needHugueTank = (needTanks && money&gt, 1000);
    needSmall = (needTanks && !needHugeTank);

    if (needInfantry) {
    Build(“infantry”, &money);
    } else if (needSmall) {
    Build(“smalltank”, &money);
    } else if (needHugueTank){
    Build(“hugetank”, &money);
    } else {
    (rand()*100>50)? Build(“smalltank”, &money): Build(“infantry”, &money);
    }

    toAttack = ( infantry > 200 && tanks > 20);

    if (toAttack) {
    foreach( tank as t) {
    t.setMode(hunt);
    }
    foreach( infantry as inf) {
    inf.setMode(hunt);
    }
    foreach( bigtank as big){
    big.setMode(big);
    }
    }

    if (rand()*100 >99){
    tank.random.setMode(big);
    infantyr.random.setMode(big);
    }

    }

  32. Heliocentric says:

    @somb
    Actually you are right i do do that in games where the ai is fairly transparent.

    Advance wars for example, in a fog of war game i’ll let them see a plane and hide my tanks. Like clockwork they’ll produce anti air assets. But the company of heroes is on crack and wants to rush we with motorbikes and engineers, even late into the game.

  33. Calabi says:

    This probably why I cant play against AIs in chess games and always end up losing.

  34. Gubbins says:

    Quite simply, this is why males play better (plus a whole bunch of other things that would cause tears before bedtime).

  35. Pantsman says:

    @aoanla: Source?

  36. aoanla says:

    @Pantsman:
    For a start, you might look at the Wikipedia entry on “Global cooling” ;) I’m basing my particular comment in a discussion I had with a climatologist, though.

  37. Pantsman says:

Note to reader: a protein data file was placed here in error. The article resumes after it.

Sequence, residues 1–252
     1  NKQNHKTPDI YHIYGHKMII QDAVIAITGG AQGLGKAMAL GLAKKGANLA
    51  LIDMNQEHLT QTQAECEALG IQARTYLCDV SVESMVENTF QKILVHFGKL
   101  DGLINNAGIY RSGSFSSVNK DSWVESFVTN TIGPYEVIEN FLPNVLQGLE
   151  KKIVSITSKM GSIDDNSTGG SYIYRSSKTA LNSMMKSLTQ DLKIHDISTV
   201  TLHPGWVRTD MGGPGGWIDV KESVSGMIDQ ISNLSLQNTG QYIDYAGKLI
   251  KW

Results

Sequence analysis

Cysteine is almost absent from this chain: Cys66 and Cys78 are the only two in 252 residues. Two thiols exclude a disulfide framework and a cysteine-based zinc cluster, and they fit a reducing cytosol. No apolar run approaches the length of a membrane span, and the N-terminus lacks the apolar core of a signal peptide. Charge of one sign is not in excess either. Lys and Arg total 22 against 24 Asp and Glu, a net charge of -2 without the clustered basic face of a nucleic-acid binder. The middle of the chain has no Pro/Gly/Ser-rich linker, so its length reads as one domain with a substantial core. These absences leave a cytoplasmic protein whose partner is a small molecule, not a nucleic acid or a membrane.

@aoanla
    D’oh. Thanks!

  38. The Apologist says:

    This is interesting but as others have said, perhaps to be expected given that this is a pretty established idea about how our brains have evolved to work socially.

    What is interesting however, is that there has been speculation recently that in online interactions like social networking on Facebook we simply don’t treat our Friends as people – we don’t do the imaginative empathy thing and so may not feel the need to treat them in the same way.

    Jonah Lehrer blogs about it here: http://scienceblogs.com/cortex/2009/02/facebook_friends.php

    I had begun to think that this probably explains all the terrible behaviour in, for example, Xbox live. But if this turns out to be true, then they must just all be horrible teenagers being horrible to each other.

  39. SPLastic the Cynic says:

    The problem with AI is that no matter how convincing it is, you will always (whether concious or subconciously) pick up its routines over time. F.E.A.R. is a good example of this – the AI seems incredible when you first experience it, but eventually you know when they’re flanking you.

    Of course, a cynic might note that some humans seem to lack the ability to make use of this subconcious learning.

    Recognising that people adapt and pick up on what you do, it would be interesting to try to fake-out a player (I’ll use an FPS as an example) by following the same path for several lives, and then all of a sudden completely changing strategies.